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Amid clamor over democracy, Hong Kong's tycoons keeping quiet

Billionaire Li Ka-shing, chairman of Cheung Kong (Holdings) Ltd. and Hutchison Whampoa Ltd..
Jerome Favre | Bloomberg | Getty Images
Billionaire Li Ka-shing, chairman of Cheung Kong (Holdings) Ltd. and Hutchison Whampoa Ltd..

The two events a month ago could scarcely have been more different: As this city's wealthiest tycoons, impeccably tailored, gathered in an opulent hall in Beijing to meet with President Xi Jinping of China, thousands of scruffy university and high school students hit the streets of Hong Kong, boycotting classes to protest Chinese-imposed limits on voting rights here.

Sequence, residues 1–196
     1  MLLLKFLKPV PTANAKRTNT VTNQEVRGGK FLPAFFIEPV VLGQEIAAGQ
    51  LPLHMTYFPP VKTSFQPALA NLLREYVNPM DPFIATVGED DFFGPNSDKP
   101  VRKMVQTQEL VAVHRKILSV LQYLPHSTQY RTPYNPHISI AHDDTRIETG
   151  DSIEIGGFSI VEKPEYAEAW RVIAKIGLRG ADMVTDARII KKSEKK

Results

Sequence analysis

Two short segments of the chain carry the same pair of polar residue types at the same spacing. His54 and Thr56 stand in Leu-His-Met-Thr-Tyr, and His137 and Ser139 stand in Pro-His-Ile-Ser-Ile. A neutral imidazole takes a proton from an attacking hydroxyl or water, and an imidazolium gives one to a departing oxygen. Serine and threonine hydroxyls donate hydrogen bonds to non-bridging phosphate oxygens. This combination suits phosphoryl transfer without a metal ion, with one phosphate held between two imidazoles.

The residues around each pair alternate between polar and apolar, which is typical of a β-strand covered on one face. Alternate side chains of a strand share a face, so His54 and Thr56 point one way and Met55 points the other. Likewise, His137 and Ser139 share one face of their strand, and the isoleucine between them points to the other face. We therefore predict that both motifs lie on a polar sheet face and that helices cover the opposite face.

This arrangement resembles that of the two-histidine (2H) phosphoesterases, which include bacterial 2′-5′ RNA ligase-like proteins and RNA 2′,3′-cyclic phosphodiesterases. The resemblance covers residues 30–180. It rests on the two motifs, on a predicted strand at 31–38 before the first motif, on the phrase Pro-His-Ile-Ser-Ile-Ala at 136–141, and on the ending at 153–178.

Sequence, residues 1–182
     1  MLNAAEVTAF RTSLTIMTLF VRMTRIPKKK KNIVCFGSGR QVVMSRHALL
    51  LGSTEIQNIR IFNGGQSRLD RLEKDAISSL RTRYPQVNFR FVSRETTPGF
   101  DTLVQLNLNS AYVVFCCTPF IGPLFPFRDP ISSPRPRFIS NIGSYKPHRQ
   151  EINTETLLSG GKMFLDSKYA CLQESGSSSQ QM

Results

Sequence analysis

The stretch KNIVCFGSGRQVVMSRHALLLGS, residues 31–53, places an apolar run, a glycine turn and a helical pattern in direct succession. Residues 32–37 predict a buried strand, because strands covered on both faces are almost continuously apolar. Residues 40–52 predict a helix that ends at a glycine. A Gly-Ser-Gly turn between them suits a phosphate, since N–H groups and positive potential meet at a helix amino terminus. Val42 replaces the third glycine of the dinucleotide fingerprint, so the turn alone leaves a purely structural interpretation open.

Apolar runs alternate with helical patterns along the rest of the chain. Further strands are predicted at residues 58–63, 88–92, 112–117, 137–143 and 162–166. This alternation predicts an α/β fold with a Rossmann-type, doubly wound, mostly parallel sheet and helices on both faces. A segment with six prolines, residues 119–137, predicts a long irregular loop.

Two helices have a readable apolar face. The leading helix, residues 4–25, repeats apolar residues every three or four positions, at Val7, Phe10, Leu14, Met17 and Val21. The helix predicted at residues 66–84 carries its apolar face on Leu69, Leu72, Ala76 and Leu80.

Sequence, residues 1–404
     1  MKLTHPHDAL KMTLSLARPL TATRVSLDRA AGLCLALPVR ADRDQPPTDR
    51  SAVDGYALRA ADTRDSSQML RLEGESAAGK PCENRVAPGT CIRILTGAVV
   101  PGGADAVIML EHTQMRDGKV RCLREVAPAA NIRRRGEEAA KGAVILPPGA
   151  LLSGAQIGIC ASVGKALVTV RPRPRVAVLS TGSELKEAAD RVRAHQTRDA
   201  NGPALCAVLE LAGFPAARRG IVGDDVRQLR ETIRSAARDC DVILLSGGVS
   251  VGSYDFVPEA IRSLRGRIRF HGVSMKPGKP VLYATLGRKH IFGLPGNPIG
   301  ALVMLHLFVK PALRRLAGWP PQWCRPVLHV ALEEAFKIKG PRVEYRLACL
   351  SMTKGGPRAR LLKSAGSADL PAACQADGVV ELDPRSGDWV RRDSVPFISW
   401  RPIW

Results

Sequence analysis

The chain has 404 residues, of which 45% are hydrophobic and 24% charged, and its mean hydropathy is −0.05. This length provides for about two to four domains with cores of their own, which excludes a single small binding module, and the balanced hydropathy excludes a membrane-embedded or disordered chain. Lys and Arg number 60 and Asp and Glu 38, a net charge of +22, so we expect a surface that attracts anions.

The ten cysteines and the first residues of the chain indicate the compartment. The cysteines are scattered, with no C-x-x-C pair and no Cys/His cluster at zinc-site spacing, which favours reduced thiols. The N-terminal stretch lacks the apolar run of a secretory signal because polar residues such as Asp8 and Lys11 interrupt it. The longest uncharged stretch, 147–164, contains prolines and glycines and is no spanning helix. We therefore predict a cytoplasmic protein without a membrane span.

The student protest led to turbulent demonstrations and the occupation of downtown avenues, the biggest challenge to Beijing's authority in Hong Kong since the territory reverted to Chinese rule in 1997.

The tycoons, however, have barely been heard from.

As a struggle over Hong Kong's political future unfolds, the men and women who arguably wield the most influence with Beijing, and financially have the most at stake, have maintained a studied silence on the outcome. Wary of upsetting China's leaders, who could dismantle or damage their businesses, and concerned about offending the Hong Kong public, many of whom are already resentful, they have instead retreated behind the tinted windows of their limousines and the elaborate gates of their hillside estates.